It's a hot summer day in 1933 in South Philly, where 12-year old Gennaro lives with his widowed mom and his ailing grandpa, who sits outside holding tight to his last quarter, which he's ... See full summary »
Mary Elizabeth Mastrantonio,
Frank Keller is a New York detective investigating a case of a serial killer who finds the victims through the lonely hearts column in newspapers. Keller falls in love with Helen, the main suspect in the case. Written by
Sami Al-Taher <firstname.lastname@example.org>
When Frank visits Helen in the shoe store, she takes his shoe off. He never puts it back on, and he leaves the store in a huff. See more »
Det. Frank Keller:
Last time, she walked. Maybe this time I can get prints.
Yeah right. What are ya gonna do, Frank? Send your dick to the lab? Man, that'll be a hell of a story in court. "Well, Your Honor, first I whipped it out, then she whipped it out, if you know what I mean."
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Great, funny cop thriller. Goodman-Pacino pairing is gold!
Men who've answered personal ads in the lonely hearts column featuring poetry are being found naked, face down on their beds. There are cigarette butts with lipstick on them in their ashtrays. Detective Frank Keller (Al Pacino), along with his sidekick Sherman (John Goodman), decide to enter their own ad in the lonely hearts column, and try to match the killer's fingerprints.
A great premise that definitely justifies making yet another police procedural, this Al Pacino vehicle won this reviewer over, which is hard to do these days with cop thrillers - once you see enough they all start to look the same.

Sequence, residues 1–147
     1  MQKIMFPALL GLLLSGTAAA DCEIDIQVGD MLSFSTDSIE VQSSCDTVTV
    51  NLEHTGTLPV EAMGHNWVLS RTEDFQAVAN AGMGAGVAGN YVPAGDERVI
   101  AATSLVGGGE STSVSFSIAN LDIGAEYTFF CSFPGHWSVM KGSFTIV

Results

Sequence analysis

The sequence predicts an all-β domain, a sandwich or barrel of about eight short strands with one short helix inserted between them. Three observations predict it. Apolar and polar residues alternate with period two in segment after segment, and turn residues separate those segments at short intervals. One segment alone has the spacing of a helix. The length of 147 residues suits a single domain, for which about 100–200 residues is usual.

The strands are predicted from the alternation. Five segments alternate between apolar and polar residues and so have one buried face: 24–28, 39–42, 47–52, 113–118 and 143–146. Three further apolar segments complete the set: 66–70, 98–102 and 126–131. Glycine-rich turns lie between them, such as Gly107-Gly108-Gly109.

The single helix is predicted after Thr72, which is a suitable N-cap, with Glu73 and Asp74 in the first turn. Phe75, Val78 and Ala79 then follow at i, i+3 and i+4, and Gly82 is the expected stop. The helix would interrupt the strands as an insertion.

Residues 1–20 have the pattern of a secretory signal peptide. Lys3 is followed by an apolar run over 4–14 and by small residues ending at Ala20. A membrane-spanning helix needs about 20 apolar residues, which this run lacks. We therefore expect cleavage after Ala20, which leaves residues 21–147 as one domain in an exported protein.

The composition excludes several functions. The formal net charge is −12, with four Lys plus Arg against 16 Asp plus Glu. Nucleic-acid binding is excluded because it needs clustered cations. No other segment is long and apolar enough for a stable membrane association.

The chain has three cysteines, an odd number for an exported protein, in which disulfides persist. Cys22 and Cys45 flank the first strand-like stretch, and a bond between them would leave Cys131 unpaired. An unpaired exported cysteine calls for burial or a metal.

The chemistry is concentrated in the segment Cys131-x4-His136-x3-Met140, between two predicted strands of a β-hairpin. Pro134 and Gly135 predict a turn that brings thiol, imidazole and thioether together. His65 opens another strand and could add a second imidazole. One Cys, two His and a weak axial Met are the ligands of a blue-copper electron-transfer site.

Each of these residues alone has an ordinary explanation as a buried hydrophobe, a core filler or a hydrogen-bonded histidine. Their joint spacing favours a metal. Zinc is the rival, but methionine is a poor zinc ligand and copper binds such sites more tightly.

But here we've got a great script, with some terrific wisecracking cop lines, great actors, especially Pacino, Goodman and sexy Ellen Barkin - which make for a very enjoyable ride. Sure the score is a little 80's, and Ellen Barkin may look back and regret that hair-do, but otherwise this is a very successful piece of film.
This is largely due to the terrific screen presence of Al Pacino - he's such a firecracker! And the hugely enjoyable chemistry between partners Pacino and John Goodman. They play off each other so well. The dating scenes are particularly fun - personal highlights for me. And, of course, Ellen Barkin exudes sensuality. Its incredible.
The title may sound pulpy and cheap - but its for good cause. We find out in the first few minutes that its the name of the song the killer was playing when the first murder of the film occured. Its also ironic - the crime-ridden world of this film is anything but a sea of love.
7/10. Must-see for Pacino fans and fans of cop thrillers. For everyone else, not essential, but great saturday night fair.
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